About Busted K

I had a unique college experience. I went to college on a track scholarship and traded in my boots, horses and cattle for running shoes, indoor tracks and weight rooms. During my sophomore year, I found myself removed from the western roots I had growing up. As I found my way back to the western lifestyle, I discovered beading in my traditional Lakota art class. 

For me, beadwork bridged the gap between art and the western lifestyle. I found my passion. 

Busted K 


As long as I can remember I have always made things. I come from a family whose artists are handy with brushes and sculpting tools. My great grandfather was a painter and sculptor and my aunt is in art teacher in my hometown.


I've always been drawn to interesting colors, shapes and textures. Growing up on a small ranch in South Dakota molded me more than I realized; I often catch myself designing with color combinations found in nature. From the creams, tan, red clay and chocolate brown in the sandy shores of the Keya Paha River, to the green grasses, turquoise streams and coral, orange and yellow sunsets found on my family's ranch, I design with a natural, clean color pallette.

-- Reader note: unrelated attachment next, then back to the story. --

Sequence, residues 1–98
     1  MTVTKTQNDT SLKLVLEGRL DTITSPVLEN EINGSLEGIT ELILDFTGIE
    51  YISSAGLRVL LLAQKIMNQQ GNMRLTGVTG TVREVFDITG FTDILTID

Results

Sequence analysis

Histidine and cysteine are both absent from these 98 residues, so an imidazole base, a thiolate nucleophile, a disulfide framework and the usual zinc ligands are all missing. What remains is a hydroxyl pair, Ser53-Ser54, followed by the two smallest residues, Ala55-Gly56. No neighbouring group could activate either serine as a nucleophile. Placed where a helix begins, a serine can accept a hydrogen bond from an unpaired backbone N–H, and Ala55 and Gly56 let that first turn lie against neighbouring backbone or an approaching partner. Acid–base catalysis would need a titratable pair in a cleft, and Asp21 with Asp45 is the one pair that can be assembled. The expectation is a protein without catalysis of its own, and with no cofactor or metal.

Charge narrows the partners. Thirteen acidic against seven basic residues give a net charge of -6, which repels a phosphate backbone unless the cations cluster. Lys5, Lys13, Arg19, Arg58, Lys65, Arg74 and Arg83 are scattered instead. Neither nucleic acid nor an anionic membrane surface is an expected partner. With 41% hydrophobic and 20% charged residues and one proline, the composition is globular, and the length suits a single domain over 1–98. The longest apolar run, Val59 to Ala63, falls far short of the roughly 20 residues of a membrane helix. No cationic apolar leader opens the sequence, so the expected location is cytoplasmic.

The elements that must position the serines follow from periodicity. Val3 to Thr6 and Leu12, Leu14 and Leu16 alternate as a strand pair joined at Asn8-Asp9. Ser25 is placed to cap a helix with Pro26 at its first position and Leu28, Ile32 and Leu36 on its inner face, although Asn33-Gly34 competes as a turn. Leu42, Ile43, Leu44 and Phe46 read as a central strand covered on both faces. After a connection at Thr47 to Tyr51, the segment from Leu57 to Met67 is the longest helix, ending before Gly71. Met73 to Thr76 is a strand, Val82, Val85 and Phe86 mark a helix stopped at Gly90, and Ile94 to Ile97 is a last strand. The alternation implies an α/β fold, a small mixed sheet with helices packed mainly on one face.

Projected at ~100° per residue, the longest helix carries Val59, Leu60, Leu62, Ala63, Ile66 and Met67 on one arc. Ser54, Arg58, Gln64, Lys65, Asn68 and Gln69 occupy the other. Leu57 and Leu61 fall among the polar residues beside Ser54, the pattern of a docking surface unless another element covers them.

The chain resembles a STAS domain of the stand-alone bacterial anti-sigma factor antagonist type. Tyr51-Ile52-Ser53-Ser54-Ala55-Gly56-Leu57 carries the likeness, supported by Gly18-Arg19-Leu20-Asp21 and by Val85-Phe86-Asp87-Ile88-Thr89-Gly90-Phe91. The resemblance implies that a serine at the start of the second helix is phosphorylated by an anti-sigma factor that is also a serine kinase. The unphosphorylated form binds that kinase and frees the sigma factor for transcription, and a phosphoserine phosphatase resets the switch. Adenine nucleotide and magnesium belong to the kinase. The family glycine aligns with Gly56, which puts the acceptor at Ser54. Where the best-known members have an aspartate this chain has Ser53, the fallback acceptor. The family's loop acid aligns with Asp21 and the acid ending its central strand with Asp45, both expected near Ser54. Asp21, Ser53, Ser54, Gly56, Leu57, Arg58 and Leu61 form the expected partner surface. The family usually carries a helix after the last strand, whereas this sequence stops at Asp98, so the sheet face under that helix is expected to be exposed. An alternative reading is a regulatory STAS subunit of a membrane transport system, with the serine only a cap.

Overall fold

Growing up on a ranch I learned the importance of using quality, well made tools. When I started creating tack my focus was on building durable, quality tack with the comfort and safety of a horse in mind. I handstitch my beadwork to the rope halters because the finished product is more durable. My bronc halter nosebands fold to the outside so nothing is rubbing against the horse's nose or cheeks. The pieces I create are quality pieces that wear well with day to day use.


I don't use conchos or chicago screws on my tack because I don't believe they are as reliable as leather ties.


I attended Black Hills State University in Spearfish, SD and majored in Corporate Communication and Graphic Design. During some of my American Indian Studies courses I learned how to do beadwork. Under the direction of Jace DeCory, my instructor and professor at BHSU, I began creating usable art. As a non-Native beader, I believe in the traditional way I was taught. You'll find my "signature" in each piece I create; a purposefully misplaced bead to honor the Lakota tradition that nothing is perfect. I believe in the history behind the Lakota motifs and enjoy continuing to learn about the Lakota way.


Every single piece I create is loomed by hand and the colors bring my personal designs to life.


Newley Kartak, bead artist